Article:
Pt. 42, Subpt. I, App. B
Appendix B to Subpart I of Part 42
—Age Distinctions in Federal Statutes or Regulations Affecting Financial Assistance Administered by the Department of Justice
Section 90.31(f) of HHS' the general regulations (45 CFR part 90
) requires each federal agency to publish an appendix to its final regulation containing a list of age distinctions in federal statutes and regulations affecting financial assistance administered by the agency. This appendix is the Department's list of federal statutes and Department regulations that contain age distinctions that:
(1) Provide benefits or assistance to persons based upon age; or
(2) Establish criteria for participation in age-related terms; or
(3) Describe intended beneficiaries or target groups in age-related terms.
The Department administers financial assistance under the Juvenile Justice and Delinquency Prevention Act of 1974, as amended (42 U.S.C. 5601-567
2). This statute reflects the basic distinction between criminal justice systems for adults and juvenile justice systems, and the entire statute is predicated upon making distinctions on the basis of age between juveniles and adults. Such age distinctions are set forth throughout this statute, including provisions establishing programs of financial assistance to juvenile justice systems and for purposes related to the prevention of juvenile delinquency. The Department's current regulations pertaining to formula grants under this statute are set forth at 28 CFR part 31
(CFDA No. 16.540). In order to implement the statutory purposes, these regulations reflect the same age distinctions between juveniles and adults as are contained in the statute. The same statute also provides for discretionary special emphasis grants for which there are program announcements issued (CFDA No. 16.541), and this program also necessarily reflects the basic statutory distinction based on age.
The Department is authorized to extend financial assistance under the Missing Children's Assistance Act, as amended (42 U.S.C. 5771-577
7). This law is concerned with problems related to missing children, and, thus, it contains many age-related references to children, including references in connection with the provision of financial assistance. Program announcements are issued in connection with this program (CFDA No. 16.543).
The Department is authorized to extend financial assistance pursuant to the Omnibus Crime Control and Safe Streets Act of 1968, as amended (42 U.S.C. 3701-379
7). Among the statutory purposes of this law is the provision of grants addressing problems related to juvenile delinquency and problems related to crimes committed against elderly persons. Accordingly, this law also reflects the basic distinction between criminal justice systems for adults and juvenile justice systems. This law also singles out elderly persons as a special target group to benefit from its programs. The Department's regulations concerning block grants authorized under this statute are set forth at 28 CFR part 33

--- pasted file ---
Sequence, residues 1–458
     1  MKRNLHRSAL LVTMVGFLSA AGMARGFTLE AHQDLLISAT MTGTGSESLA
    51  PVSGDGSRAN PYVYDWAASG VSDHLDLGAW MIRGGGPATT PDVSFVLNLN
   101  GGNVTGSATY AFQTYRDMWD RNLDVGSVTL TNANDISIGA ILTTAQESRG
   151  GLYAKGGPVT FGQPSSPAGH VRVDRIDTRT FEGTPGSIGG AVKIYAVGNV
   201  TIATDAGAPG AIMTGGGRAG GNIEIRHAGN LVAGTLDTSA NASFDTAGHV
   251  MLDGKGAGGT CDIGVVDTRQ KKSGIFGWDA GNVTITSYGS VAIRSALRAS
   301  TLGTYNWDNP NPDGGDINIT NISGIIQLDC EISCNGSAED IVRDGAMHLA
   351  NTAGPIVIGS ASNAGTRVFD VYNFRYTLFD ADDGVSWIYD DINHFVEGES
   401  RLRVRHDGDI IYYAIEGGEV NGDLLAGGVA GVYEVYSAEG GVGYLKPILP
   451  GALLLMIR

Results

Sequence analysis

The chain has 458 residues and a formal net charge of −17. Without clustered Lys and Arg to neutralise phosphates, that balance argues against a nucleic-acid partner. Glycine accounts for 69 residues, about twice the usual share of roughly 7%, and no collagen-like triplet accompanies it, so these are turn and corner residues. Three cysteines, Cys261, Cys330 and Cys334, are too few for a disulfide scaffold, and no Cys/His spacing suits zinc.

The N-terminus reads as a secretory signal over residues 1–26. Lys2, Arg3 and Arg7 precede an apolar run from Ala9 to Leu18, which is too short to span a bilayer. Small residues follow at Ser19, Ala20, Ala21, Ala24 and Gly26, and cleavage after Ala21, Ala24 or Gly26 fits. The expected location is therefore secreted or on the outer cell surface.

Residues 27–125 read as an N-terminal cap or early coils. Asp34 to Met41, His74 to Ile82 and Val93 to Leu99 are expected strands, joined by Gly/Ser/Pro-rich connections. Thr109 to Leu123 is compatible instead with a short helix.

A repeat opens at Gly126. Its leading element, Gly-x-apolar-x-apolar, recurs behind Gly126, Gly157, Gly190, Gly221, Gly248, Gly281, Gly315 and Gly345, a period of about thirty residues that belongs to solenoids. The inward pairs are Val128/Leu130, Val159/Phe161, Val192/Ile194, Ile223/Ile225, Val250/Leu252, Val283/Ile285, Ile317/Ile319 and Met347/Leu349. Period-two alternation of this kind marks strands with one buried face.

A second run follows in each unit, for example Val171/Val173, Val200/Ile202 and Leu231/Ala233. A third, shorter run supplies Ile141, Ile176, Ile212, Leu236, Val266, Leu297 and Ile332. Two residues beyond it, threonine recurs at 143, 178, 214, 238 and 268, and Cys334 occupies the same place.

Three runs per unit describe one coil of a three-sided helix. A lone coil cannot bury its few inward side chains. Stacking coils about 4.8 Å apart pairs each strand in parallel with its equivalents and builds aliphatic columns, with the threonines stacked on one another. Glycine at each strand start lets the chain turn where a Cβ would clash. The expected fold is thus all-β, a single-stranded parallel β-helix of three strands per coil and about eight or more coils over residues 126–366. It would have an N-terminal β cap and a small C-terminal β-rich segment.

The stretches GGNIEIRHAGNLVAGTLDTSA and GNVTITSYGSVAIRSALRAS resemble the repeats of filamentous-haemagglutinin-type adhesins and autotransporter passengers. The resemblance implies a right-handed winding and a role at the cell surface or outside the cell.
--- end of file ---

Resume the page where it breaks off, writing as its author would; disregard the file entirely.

. These regulations reflect the statutory authorizations for such block grants, which specifically authorize funds for, among other things, programs addressing problems related to juvenile delinquency and programs addressing the problem of crimes committed against elderly persons (CFDA No. 16.573). Similarly, the statute provides for discretionary grants to enhance and complement the block grants (CFDA No. 16.574) and has been amended to provide a focus on narcotics control (CFDA No. 16.580).
The Department is authorized to extend financial assistance under the Victims of Crime Act of 1984, as amended (42 U.S.C. 10601-106
04). Among other things, in order to qualify for funds under one grant program, a state must certify that priority will be given to eligible crime victim assistance programs that help victims of certain crimes, including child abuse. In addition, among the services to victims of crime for which funding is available is “short term child care services” (CFDA Nos. 16.575 and 16.576).
The Department is authorized to make grants to Native American Indian tribes with funds reserved to the Office of Victims of Crime under the Victims of Crime act of 1984, as amended (42 U.S.C. 10601(g)
). The primary purpose of the funding is to assist Native American Indian tribes with handling child abuse cases, particularly child sexual abuse (CFDA No. 16.583).
The Department is authorized to extend financial assistance to state and local authorities for narcotics control under the Anti-Drug Abuse Act of 1988 (Pub. L. 100-690, 102 Stat. 4181), which extends and/or modifies each of the previously noted laws. The statute reflects the basic distinction between criminal justice systems for adults and juveniles (CFDA Nos. 16.579 and 16.582).